Efforts are underway to create a new prison college degree program in Utah
The landscape of higher education in Utah’s prisons will soon expand.
Starting this fall, men in some correctional facilities could be taking college-level classes like statistics, anthropology and American history. They’ll also have access to practical programs in computer essentials, financial literacy and a possible coding boot camp. That’s on top of longstanding offerings in fields like automotive repair, machining and construction.
Women, who until this year have only had access to two options — culinary arts and business technology — will also soon be able to get certificates in web design, automation, robotics and horticulture.
Yet none of those classes will lead to a four-year degree. By next year, that could change.
The University of Utah’s Prison Education Project hopes to launch a new degree program in the fall of 2023. It would be the first in Utah in over a decade, following a small, but growing list of universities expanding higher education to incarcerated people across the country.
“For us, it's about more than providing a pathway that is focused on a particular job, but to kind of mirror the best work of the university, which is rigorous classwork, research, applied learning, where students are addressing the most pressing questions of our times,” said project director Andy Eisen.
Many of the details are still being worked out. As of now, Eisen envisions a small first cohort of students — around 20 — who would take classes year-round and likely earn a degree in about five years. The program would probably start in the women’s prison, in part because they currently have fewer choices.
The degree itself would be in something like communications or undergraduate studies, he said. It would cover a range of courses to equip students with fundamental skills like writing, critical thinking and leadership.
While conversations about a four-year degree for inmates have been going on since the Prison Education Project’s inception in 2016, founder Erin Castro said the timing is ripe now. That’s thanks both to the federal government’s recent expansion of Pell Grant eligibility for inmates and support from the University of Utah.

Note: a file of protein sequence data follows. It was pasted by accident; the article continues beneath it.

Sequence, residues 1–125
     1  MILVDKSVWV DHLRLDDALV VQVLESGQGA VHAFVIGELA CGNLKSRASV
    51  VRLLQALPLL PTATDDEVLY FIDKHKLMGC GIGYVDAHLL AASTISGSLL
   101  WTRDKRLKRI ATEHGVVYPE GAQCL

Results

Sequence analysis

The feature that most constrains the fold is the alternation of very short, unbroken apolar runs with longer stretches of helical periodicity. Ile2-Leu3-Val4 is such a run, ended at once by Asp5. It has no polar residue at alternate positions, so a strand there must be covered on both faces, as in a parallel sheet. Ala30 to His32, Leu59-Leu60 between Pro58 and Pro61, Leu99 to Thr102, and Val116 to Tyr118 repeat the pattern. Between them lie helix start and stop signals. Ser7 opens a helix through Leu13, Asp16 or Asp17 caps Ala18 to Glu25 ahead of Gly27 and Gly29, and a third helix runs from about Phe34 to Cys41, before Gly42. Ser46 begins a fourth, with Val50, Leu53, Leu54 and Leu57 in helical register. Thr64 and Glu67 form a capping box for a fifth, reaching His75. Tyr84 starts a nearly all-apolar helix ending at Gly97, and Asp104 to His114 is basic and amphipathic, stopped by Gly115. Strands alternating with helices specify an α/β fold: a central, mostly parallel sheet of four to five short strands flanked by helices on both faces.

“The leadership with whom I'm working understands that we should be treating incarcerated people as students, period,” she said. “And if we are treating them as students, then they should be provided all of the kinds of resources to the extent that we're able that students on campus are allowed to and encouraged to access.”
A growing body of research shows that access to education leads to lower recidivism rates, among other benefits. But for a host of reasons — political, financial and simply building out the infrastructure — Castro said Utah’s correctional facilities have been slow to adapt.
Anndrea Parrish, director of institutional programming at the Utah Department of Corrections, is in full support of a bachelor’s degree pathway for inmates. However, staffing shortages, the recent prison move and poor data collection complicate the rollout.
Current data, for example, suggests roughly half of the state’s nearly 5,900 inmates and parolees have a high school education. But the department knows it’s missing about a third of the data it needs, and Parrish said what they do have is often inaccurate. That can make it hard to both assess and place students into existing programs, not to mention track job outcomes after release.
People who are incarcerated are also limited to certain courses based on the facility they’re in and its proximity to a local college, she said. Many get transferred to other facilities and then lose access to the classes or programs they were enrolled in.
Parrish said the department is working on several changes to improve both data collection and testing so that academic skills and outcomes can be more accurately assessed. It’s also hiring a former educator — someone with teaching expertise — to oversee prison education. Until now, the people who ran the programs often lacked formal training.
“I do think that there is a shifting tide in favor of understanding that education is really important for reducing recidivism,” Parrish said. “Historically there's been a lot of opposition among the public about paying for education for incarcerated people, but hopefully the conversation is moving toward one of ‘we're going to be paying for them regardless, let's equip them with the education and skills necessary to help them become employed and successful returning citizens.’ ”